I would add that it is incredibly easy being the most radical person in the room organizing the most radical actions. If you really care about building a powerful social movement there needs to be more strategy about HOW to build the movement, i.e., what are the next steps and how do we increase our power as a movement.

  3. AlonK
    December 16, 2011 at 1:00 PM

    The same question with every movement for change, in France 1789, Russia 1917, Nicaragua 1978, the 1930’s and 1960’s in the USA…Get what is “possible” such as Universal Health Care, or even protect gains like Medicare from the greedy bastards and their helpers (such as Senator Wyden with his new bill to privatize Medicare) or aim at the stars.
    An article in Commondreams by also raises the question of how the US Occupy movement is seen by many around the world-
    “Aside from its radical elements, most of the movement’s American and European supporters simply want to reclaim their rights to live decent, dignified, middle-class lives.There’s nothing wrong with this aspiration, in and of itself. But middle-class affluence in the West depends on a system of extraction that produces and perpetuates tremendous poverty in the global South.”
    The Occupy movement is just one more step towards liberation…the time is so short..

  4. December 16, 2011 at 1:33 PM

    It is heartening to see someone reflect this concern. I have heard non-participants voice these sentiments many times. They are confused about what Occupy is doing so do not engage.

    I hope the discussion ensuing from this article produces moves in the direction of appeals to mass involvement.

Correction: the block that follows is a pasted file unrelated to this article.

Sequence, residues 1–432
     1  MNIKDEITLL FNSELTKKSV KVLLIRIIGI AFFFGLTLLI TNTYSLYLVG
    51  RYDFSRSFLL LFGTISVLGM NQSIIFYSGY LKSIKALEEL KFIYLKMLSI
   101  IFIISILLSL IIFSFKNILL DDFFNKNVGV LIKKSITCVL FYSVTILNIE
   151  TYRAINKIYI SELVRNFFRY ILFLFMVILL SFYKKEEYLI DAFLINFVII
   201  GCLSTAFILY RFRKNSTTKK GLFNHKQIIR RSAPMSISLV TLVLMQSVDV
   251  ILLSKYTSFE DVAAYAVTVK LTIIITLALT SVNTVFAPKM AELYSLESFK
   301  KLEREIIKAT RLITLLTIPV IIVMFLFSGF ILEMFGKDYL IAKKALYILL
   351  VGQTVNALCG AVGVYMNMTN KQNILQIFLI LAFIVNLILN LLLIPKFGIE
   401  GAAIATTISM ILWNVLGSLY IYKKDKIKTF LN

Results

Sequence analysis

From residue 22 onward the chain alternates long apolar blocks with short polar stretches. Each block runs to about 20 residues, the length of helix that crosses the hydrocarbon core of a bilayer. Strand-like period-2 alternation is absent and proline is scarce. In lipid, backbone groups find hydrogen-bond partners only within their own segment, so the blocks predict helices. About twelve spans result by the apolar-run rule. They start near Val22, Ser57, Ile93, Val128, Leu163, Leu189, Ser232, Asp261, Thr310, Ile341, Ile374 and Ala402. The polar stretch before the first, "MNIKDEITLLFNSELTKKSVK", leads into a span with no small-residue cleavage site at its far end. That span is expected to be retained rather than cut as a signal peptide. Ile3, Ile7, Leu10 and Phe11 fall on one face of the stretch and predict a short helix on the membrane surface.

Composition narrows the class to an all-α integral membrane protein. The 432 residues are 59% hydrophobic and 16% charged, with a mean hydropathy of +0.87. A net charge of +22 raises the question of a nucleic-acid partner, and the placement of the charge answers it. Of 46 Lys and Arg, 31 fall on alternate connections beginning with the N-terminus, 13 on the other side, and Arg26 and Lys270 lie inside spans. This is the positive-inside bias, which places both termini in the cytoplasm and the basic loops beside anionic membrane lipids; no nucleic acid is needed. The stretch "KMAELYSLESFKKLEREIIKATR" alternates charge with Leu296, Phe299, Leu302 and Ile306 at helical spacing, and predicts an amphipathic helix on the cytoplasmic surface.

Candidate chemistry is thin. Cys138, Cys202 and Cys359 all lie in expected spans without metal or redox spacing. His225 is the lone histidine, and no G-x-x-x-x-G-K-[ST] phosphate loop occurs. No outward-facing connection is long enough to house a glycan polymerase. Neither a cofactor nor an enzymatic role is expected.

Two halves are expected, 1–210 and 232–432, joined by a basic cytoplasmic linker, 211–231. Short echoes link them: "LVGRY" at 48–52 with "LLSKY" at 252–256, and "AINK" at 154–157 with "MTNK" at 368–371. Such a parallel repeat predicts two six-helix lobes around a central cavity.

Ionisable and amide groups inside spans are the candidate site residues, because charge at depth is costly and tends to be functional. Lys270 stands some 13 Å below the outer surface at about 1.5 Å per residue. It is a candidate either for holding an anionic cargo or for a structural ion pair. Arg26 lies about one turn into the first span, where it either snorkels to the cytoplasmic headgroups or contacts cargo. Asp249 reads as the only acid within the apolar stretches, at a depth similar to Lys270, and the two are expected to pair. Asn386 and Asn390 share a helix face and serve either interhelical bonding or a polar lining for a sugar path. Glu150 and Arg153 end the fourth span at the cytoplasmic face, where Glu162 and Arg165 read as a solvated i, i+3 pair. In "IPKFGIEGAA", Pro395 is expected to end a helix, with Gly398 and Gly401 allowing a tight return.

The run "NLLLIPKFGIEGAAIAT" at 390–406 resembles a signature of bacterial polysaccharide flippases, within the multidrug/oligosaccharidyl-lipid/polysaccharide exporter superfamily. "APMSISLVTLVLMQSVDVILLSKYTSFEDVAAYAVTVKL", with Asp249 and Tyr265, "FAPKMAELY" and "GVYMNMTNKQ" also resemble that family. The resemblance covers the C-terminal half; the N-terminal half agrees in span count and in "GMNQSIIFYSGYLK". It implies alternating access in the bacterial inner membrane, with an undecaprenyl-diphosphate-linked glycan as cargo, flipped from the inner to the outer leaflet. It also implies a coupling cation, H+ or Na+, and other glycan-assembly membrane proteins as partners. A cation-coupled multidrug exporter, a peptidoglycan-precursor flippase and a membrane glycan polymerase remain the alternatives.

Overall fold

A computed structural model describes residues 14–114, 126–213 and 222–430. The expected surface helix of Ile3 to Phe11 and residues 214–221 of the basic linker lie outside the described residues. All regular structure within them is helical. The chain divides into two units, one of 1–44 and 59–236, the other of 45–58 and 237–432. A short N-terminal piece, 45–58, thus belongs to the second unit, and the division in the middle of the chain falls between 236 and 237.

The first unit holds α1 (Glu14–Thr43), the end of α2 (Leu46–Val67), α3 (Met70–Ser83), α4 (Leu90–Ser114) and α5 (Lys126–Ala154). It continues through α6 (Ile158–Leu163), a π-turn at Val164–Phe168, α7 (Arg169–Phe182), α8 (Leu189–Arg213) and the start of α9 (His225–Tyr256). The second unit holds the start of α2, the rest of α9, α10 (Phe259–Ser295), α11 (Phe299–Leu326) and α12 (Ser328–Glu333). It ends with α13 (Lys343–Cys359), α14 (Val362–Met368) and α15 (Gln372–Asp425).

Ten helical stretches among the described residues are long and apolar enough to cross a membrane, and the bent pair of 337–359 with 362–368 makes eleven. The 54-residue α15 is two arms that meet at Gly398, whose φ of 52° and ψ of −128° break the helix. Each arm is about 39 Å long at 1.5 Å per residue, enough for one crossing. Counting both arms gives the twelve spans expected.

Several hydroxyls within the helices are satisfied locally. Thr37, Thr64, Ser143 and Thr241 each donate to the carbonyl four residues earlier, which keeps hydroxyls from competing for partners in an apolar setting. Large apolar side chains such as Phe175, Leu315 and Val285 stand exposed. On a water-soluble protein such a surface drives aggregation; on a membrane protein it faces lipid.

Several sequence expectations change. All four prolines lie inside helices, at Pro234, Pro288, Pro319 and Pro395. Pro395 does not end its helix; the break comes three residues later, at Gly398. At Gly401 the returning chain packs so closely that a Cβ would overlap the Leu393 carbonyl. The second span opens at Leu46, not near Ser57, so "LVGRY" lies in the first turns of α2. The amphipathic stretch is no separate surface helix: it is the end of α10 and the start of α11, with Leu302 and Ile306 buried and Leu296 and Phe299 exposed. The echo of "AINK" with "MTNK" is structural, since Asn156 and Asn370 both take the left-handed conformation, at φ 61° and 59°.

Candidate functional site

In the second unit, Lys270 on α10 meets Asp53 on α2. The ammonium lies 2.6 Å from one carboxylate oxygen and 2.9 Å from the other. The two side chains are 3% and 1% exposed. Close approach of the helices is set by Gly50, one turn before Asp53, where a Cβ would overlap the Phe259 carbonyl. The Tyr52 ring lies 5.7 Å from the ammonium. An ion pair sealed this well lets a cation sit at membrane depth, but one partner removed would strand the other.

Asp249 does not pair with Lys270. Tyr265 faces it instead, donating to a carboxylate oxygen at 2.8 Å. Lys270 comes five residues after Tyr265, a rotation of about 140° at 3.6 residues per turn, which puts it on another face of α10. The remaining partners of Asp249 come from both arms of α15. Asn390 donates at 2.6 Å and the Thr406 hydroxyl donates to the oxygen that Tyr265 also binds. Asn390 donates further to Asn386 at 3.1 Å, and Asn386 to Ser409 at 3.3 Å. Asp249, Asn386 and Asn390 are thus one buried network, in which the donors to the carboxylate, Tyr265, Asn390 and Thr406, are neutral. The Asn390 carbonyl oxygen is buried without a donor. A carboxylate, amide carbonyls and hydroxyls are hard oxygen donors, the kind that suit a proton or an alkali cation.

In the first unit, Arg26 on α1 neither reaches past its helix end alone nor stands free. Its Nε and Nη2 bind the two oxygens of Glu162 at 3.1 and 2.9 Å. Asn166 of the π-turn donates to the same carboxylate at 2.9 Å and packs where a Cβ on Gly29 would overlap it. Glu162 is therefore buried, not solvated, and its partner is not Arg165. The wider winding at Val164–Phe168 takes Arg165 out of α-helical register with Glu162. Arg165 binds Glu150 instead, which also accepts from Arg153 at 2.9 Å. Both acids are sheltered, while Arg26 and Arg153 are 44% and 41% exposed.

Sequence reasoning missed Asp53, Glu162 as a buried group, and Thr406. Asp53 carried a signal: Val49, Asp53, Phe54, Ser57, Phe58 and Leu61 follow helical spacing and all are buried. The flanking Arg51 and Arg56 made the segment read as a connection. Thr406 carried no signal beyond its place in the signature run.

5. Zarazaiel
    December 17, 2011 at 3:11 AM

    The Past cries Revolution!
    The Present shouts Liberation!
    The Future demands Evolution!
    Therefore, I choose to live in the co-creation of Heaven on Earth.

  6. Tracy
    February 7, 2012 at 12:34 AM

    I agree with what you are saying here, and I appreciate your rhetoric without the “insert shameless plug for Socialism here” bit. In fact, this might be the first article I’ve ever read from someone in the ISO that doesn’t mention the name Marx or the word Socialism…and addresses the substance of the issues without the ideology. Thank you, thank you, thank you. It’s time to move beyond.

  7. February 13, 2012 at 10:34 PM

    The mass of people in the American Empire have been ruled by ignorance and stupidity for so long, you have to lead them around like puppets or sheep. Appeal to them through universal images of pain and suffering, that’s all they have been hypnotized to believe. Whatever strikes closest to their hearts, health, pleasure, pick any of the mortal sins. They will follow! The reforms must adhere to this principle- The Revolutionaries? The ones I knew from 1980 are now all corporate executives! So much for Anarchy.